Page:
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The Bureau of Applied Social Research
Written by Peter Simonson and Lauren Archer


The Bureau of Applied Social Research (BASR), known as ‘the Bureau’ to those who worked there, played an influential role in early media studies and the development of communication as a discipline. Founded in 1937 as the Office of Radio Research (ORR), the Bureau (renamed in 1944) was a research institute affiliated with Columbia University but dependent for funding on external sources. It was one of several such research institutions formed by Paul F. Lazarsfeld, a Jewish-born Viennese émigré scholar, trained as a mathematician and social psychologist, who became a major figure in the history of the study of communication. He founded the ORR with Princeton University’s Hadley Cantri, and help from his second wife, Herta Herzog (who would play a major role in research conducted there). Shortly after the founding of ORR, Cantril and Herzog worked together on The Invasion from Mars, a famous study of the panic caused by Orson Welles' 1938 The War of the Worlds radio broadcast. It was one of the earliest extensive studies of the experiences of a radio audience (and based on interviews conducted mostly by women). Lazarsfeld moved the ORR from New Jersey to Columbia in 1940, aided by his ally there, the sociologist Robert S. Lynd.

Lazarsfeld’s institutes were intellectually vibrant places that were often on precarious financial footing. In its early days at Columbia, the ORR/Bureau served several purposes—conducting research related to Lazarsfeld's interests in decision making and social scientific methodologies, training graduate students, and generating enough money to keep the place afloat and employ the fellow émigrés and women who did much of the work. Herzog worked as Associate Director of the ORR until she left in 1943 to become a director of research at the advertising firm McCann Erickson. By then, Robert K. Merton had joined Lazarsfeld on the sociology faculty at Columbia and had been enlisted at the Bureau as well, thus beginning a collaboration that lay foundations for the mainstream of American sociology in the postwar era. In 1944, Lazarsfeld and Merton brought C. Wright Mills to the Bureau, a larger-than-life Texan whose eloquent books of the 1950s helped inspire the student New Left several years later. In the late ‘40s and ‘50s Mills and Lazarsfeld would break, pursuing very different visions of sociology, and playing out a drama that foretold the political and epistemological fissures between critical and objectivist research that opened in the late 1960s.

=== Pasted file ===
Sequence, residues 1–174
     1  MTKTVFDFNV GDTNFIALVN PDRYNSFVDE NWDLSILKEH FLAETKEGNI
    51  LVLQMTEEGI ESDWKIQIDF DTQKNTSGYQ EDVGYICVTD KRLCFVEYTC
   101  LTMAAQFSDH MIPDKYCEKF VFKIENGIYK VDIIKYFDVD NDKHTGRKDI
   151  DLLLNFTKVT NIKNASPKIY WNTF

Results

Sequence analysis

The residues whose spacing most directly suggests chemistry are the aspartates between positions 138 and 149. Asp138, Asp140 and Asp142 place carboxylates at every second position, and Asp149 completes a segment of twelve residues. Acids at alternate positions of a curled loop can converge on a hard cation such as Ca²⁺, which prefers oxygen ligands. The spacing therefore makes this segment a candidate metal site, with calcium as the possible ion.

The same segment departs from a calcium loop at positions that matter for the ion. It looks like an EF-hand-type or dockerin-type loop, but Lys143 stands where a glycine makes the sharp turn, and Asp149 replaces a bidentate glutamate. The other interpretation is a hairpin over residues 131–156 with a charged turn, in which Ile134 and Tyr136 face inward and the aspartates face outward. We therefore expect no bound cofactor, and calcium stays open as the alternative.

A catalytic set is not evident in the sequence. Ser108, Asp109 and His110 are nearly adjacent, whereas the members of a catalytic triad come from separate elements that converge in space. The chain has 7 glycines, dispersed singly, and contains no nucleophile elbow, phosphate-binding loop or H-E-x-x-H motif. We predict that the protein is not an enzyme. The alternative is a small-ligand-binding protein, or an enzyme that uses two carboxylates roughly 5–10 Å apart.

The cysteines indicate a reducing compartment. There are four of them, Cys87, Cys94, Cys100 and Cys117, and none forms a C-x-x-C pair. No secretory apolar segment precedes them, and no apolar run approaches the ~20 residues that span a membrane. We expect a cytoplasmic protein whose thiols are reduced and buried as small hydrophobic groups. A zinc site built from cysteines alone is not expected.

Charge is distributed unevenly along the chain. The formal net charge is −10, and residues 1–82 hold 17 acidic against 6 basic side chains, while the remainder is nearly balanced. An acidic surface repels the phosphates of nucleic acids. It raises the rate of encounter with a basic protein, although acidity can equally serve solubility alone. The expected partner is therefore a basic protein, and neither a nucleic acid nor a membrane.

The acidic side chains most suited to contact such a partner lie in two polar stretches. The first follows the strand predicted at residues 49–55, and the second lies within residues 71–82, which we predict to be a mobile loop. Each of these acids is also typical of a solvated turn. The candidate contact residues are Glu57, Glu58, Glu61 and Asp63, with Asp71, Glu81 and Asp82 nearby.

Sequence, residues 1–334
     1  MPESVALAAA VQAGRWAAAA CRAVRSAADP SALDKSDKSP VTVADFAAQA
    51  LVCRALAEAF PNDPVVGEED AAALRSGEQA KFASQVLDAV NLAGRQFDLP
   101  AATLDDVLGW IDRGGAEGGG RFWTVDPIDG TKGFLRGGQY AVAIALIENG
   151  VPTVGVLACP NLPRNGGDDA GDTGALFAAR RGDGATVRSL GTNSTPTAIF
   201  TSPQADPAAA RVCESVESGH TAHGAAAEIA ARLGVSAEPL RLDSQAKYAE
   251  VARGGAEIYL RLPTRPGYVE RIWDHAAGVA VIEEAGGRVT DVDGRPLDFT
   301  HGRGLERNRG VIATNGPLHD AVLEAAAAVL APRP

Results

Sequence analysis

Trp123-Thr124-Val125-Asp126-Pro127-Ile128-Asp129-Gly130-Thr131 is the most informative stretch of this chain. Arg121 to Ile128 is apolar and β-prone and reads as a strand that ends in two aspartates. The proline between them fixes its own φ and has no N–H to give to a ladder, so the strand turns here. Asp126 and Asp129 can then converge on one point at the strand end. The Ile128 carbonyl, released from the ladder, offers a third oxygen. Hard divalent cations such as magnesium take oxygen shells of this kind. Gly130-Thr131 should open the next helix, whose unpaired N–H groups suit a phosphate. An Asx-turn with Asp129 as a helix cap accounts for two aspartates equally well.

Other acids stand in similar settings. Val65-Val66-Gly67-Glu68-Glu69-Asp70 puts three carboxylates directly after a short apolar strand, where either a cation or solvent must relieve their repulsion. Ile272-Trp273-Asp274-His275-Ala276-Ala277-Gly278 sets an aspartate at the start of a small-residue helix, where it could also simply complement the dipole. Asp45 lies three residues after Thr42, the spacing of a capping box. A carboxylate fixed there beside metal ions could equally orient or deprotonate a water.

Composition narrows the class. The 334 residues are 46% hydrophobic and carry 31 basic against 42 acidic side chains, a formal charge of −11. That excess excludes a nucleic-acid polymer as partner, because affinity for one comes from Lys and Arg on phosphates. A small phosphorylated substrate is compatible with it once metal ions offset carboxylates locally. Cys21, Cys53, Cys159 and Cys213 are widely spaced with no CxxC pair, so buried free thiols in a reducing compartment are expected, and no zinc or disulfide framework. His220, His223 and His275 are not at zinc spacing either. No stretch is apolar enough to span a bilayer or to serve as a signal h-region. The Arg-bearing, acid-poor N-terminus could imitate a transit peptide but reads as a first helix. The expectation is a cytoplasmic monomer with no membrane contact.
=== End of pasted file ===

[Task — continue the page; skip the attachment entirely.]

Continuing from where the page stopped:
Admist the sizable male egos, dozens of women worked at the Bureau in roles that ranged from Herzog’s associate directorship to positions as research associates, interviewers, coders, stenographers, and secretaries. Some of these women were enrolled as graduate student, a handful of which would go on to get Ph.Ds although job prospects were grim for finding positions beyond the level of lecturer in American universities. Other women followed Herzog and pursued careers in the commercial sector where they applied skills cultivated at the Bureau to advertising, marketing, and public opinion research. During the 1940s, these women collectively wrote or made important contributions to a number of media-related studies, including four classic books: The People’s Choice, Voting, Mass Persuasion, and Personal Influence. Two addressed voting behavior, one a celebrity entertainer’s radio war bond marathon, and the last patterns of social influence and their relation to communication. All have been influential and are still cited today—and all were made possible by the work women were doing in these research institutions.

Though successful organizations, there were feelings of ambivalence about the ORR/Bureau from the beginning. Beyond occasioning the falling-out between Lazarsfeld and Mills, it was also famously the site for conflict between Lazarsfeld and the émigré Frankfurt School scholar Theodor Adorno, whose failed collaboration indexed far different understandings of the new media of the day. Their conflict provided one of the deep backgrounds for disputes in the 1970s and ‘80s between critical and objectivist approaches to media studies, when Lazarsfeld and the Bureau came under strong criticism for focusing the study of mass media too narrowly on short-term effects and for working too closely with the manipulative forces of marketing. Even those who did not break with Lazarsfeld had their own criticisms of the Bureau—for instance, about the tedium of testing laxative ads or other small commercial projects, the feeling of being co-opted into Lazarsfeld’s own projects, or the sexism of the Bureau’s hierarchy. From nearly its founding, the Bureau has been criticized, both externally and internally.